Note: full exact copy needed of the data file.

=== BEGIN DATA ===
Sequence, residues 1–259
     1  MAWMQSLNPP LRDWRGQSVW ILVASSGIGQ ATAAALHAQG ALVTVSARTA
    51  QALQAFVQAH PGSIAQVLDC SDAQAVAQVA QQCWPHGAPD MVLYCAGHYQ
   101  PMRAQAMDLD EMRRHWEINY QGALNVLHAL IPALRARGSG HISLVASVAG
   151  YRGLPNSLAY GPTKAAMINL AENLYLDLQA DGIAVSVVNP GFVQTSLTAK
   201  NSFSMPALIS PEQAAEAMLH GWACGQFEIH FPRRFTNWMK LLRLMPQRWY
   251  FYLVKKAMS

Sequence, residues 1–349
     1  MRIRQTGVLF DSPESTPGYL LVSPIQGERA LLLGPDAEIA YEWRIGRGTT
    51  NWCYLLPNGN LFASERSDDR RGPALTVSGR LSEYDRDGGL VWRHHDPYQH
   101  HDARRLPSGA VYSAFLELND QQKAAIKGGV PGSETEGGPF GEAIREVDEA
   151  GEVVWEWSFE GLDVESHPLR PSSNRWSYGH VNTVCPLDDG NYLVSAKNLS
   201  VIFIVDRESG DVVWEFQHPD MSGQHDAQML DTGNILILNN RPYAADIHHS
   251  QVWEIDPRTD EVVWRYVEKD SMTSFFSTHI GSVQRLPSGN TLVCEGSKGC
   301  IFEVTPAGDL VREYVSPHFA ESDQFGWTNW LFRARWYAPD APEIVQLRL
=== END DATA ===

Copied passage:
Sequence, residues 1–259
     1  MAWMQSLNPP LRDWRGQSVW ILVASSGIGQ ATAAALHAQG ALVTVSARTA
    51  QALQAFVQAH PGSIAQVLDC SDAQAVAQVA QQCWPHGAPD MVLYCAGHYQ
   101  PMRAQAMDLD EMRRHWEINY QGALNVLHAL IPALRARGSG HISLVASVAG
   151  YRGLPNSLAY GPTKAAMINL AENLYLDLQA DGIAVSVVNP GFVQTSLTAK
   201  NSFSMPALIS PEQAAEAMLH GWACGQFEIH FPRRFTNWMK LLRLMPQRWY
   251  FYLVKKAMS

Sequence, residues 1–349
     1  MRIRQTGVLF DSPESTPGYL LVSPIQGERA LLLGPDAEIA YEWRIGRGTT
    51  NWCYLLPNGN LFASERSDDR RGPALTVSGR LSEYDRDGGL VWRHHDPYQH
   101  HDARRLPSGA VYSAFLELND QQKAAIKGGV PGSETEGGPF GEAIREVDEA
   151  GEVVWEWSFE GLDVESHPLR PSSNRWSYGH VNTVCPLDDG NYLVSAKNLS
   201  VIFIVDRESG DVVWEFQHPD MSGQHDAQML DTGNILILNN RPYAADIHHS
   251  QVWEIDPRTD EVVWRYVEKD SMTSFFSTHI GSVQRLPSGN TLVCEGSKGC
   301  IFEVTPAGDL VREYVSPHFA ESDQFGWTNW LFRARWYAPD APEIVQLRL